Latvia-based peer to peer (P2P) lender Grupeer noted on August 31, 2020, that it had provided an update regarding the current status with the repayments and debt collection processes on its platform.
The Grupeer team had confirmed that, as its clients already know, since April 2020, the lender had suspended its “economic activity.” The P2P lending platform said that it had stopped taking new investments in order to focus on “fulfilling liabilities towards existing investors.”
Grupeer’s management had stated (on August 31, 2020):
“We hoped that the resuming of economic activity will take place sooner, but it is directly affected by the low share of submitted KYC questionnaires. From all active investors, approximately half have submitted and verified updated KYC questionnaires, [this] creates difficulties [when it comes to] reopening bank accounts and to resume the economic activity of the company.”
On September 7, 2020, the company revealed that it had received questions about their business. The lender said it wanted to clarify the legal meaning of “stopping of the company’s economic activity” in order to avoid further misunderstandings.
Grupeer confirmed that its clients had already been informed in April 2020 that it would be suspending economic activity by not taking on any new investments so that it can take care of its existing liabilities.
The lender added that the State Revenue Service of the Latvian Republic had stopped the economic activity of SIA “Grupeer.” This, the company claimed, was only related to “the process of agreeing on schedule how the company will repay labor force related taxes.” Grupeer claimed that “agreeing upon such a schedule” had taken longer than they had initially expected. However, the company said the matter would be finalized and the economic activity of the company would resume, eventually.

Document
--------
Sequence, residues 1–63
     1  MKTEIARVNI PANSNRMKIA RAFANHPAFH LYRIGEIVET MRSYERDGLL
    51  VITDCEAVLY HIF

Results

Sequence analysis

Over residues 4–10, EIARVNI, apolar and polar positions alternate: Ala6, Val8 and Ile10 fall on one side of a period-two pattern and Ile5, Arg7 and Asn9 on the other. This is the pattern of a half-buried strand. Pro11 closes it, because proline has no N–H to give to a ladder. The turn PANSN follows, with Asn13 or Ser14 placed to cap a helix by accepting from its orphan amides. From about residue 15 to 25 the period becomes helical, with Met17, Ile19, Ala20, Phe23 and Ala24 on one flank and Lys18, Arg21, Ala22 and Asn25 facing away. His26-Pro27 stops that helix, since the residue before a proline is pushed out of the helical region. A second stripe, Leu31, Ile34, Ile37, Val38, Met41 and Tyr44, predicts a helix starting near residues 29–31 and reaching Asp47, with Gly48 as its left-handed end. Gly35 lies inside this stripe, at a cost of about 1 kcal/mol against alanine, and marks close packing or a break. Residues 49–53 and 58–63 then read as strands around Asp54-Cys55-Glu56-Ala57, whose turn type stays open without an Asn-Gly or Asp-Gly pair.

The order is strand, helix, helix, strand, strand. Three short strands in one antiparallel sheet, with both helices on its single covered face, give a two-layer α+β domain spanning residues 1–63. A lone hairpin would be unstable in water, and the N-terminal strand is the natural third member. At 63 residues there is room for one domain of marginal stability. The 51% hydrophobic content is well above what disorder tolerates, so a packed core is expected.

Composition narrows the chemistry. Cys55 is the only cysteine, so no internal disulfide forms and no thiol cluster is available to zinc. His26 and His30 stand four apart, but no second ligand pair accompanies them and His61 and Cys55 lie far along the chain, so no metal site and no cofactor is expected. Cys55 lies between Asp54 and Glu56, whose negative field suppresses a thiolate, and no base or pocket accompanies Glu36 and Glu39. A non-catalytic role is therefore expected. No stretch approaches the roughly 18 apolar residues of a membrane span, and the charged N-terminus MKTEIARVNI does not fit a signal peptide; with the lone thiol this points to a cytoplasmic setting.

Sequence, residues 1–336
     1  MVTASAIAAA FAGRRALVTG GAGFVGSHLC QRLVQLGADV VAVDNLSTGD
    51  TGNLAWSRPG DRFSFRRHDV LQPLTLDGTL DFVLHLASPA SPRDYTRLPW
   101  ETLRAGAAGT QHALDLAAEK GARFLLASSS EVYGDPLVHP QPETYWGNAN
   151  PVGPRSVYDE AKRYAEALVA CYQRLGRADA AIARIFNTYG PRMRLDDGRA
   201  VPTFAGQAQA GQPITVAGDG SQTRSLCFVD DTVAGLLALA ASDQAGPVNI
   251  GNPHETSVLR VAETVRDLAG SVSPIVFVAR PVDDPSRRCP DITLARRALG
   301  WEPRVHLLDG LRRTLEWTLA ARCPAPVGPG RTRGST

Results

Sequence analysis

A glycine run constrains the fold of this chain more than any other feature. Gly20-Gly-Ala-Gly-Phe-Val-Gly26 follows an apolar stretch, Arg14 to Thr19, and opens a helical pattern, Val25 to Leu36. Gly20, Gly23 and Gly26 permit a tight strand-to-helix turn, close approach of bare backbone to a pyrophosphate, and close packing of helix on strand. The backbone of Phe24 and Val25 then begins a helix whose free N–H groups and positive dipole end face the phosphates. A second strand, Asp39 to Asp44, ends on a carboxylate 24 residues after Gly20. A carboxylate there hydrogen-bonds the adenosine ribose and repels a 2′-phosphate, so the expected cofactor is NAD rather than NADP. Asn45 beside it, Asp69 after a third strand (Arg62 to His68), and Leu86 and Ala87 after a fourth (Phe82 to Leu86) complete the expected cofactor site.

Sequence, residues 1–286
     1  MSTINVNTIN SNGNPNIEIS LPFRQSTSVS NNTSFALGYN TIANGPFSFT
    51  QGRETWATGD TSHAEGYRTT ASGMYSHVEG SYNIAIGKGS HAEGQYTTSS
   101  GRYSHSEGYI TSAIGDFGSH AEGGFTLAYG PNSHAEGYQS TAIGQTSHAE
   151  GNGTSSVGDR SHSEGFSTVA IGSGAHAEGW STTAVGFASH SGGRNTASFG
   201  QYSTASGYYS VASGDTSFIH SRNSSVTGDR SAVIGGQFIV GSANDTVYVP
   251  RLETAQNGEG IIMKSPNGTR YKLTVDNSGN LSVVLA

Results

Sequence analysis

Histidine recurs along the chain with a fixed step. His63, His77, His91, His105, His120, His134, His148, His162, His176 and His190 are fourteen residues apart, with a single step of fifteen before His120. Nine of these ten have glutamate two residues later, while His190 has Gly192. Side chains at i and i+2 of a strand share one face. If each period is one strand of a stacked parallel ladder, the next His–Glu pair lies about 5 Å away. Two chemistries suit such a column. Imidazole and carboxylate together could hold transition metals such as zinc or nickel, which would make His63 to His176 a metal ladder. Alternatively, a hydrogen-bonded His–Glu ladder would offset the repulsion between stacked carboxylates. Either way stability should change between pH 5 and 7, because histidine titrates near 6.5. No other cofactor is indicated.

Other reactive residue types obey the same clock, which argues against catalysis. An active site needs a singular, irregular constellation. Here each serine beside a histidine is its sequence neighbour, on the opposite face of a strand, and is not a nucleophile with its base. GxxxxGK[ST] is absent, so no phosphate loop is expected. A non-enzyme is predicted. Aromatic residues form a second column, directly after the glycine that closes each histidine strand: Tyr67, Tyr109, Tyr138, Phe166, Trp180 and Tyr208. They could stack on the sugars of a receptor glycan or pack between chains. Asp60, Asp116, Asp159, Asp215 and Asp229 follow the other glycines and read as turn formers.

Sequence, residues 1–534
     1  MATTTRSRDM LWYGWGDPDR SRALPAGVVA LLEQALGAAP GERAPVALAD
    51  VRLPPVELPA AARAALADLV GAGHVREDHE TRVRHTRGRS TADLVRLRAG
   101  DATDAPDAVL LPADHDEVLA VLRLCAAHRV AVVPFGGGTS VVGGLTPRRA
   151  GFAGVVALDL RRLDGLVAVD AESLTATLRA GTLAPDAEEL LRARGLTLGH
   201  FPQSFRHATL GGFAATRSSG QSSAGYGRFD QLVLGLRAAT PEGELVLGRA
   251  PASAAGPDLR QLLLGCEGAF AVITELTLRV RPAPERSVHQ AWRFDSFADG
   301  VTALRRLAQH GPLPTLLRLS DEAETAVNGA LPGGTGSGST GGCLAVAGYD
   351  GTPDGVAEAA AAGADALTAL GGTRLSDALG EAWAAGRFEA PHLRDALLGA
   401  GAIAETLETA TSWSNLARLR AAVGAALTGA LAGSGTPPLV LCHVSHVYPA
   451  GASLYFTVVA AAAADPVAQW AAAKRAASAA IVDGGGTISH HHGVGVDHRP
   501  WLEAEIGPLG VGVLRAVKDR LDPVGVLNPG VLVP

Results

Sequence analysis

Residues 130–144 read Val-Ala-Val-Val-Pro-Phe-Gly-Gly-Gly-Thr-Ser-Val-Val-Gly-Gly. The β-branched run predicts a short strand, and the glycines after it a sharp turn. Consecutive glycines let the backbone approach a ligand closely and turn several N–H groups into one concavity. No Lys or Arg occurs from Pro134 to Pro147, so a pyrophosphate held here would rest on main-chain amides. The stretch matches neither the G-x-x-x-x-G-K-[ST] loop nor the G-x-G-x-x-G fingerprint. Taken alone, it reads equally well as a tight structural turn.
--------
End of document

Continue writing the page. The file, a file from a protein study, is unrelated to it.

The lender further noted that suspending the economic activity of SIA “Grupeer” doesn’t affect its “legal capability to continue to work to collect outstanding balances from loan originators and to ensure repayments.”
Grupeer claimed that attorneys-at-law office “Ellex Kļaviņš” may have provided “misleading counsel to the investors regarding the matter of what means ‘stopping of the company’s economic activity’.”
Grupeer noted that it had addressed “Ellex Kļaviņš,” asking them to review their statements again or to offer an accurate interpretation of the information provided to the investors. Grupeer said they had warned the attorneys-at-law office that “failure to do so might result in legal actions towards them.”
The Grupeer team stated (on September 7, 2020):
“We are kindly asking you, our investors, to cooperate in this process, which we know has taken a long time. Our goal remains unchanged – we are doing the utmost to fulfil our liabilities towards you.”
On September 17, 2020, Grupeer stated in a blog post:
“We are removing [our] blog entry from September 14, 2020 regarding the licensing process on advice of our legal counsel. Our legal counsel has been in contact with the Financial and Capital Market Commission today and it is the Commission’s position that at this preliminary stage our blog entry may be misleading. We need to provide additional information to the Commission regarding our planned activities and until the Commission is fully satisfied with the information provided by us, we need to [avoid] making statements that may create [the] impression that a positive result in the licensing process is guaranteed. Our legal counsel has advised us to follow the instructions of the Commission and we have accepted the advice.”
“We will continue our work to comply with all regulatory requirements and will provide new information as soon as it is appropriate and permissible.”
As reported in late April 2020, a Telegram group, with over 3000 members, had been launched by impacted Grupeer investors. Some participating individuals appear to be interested in pursuing legal action in regards to the pause in payments.
Around the world, some SME lenders have struggled due to the COVID-19 pandemic. All platforms have had to revisit credit risk as concern has risen regarding a heightened default rate.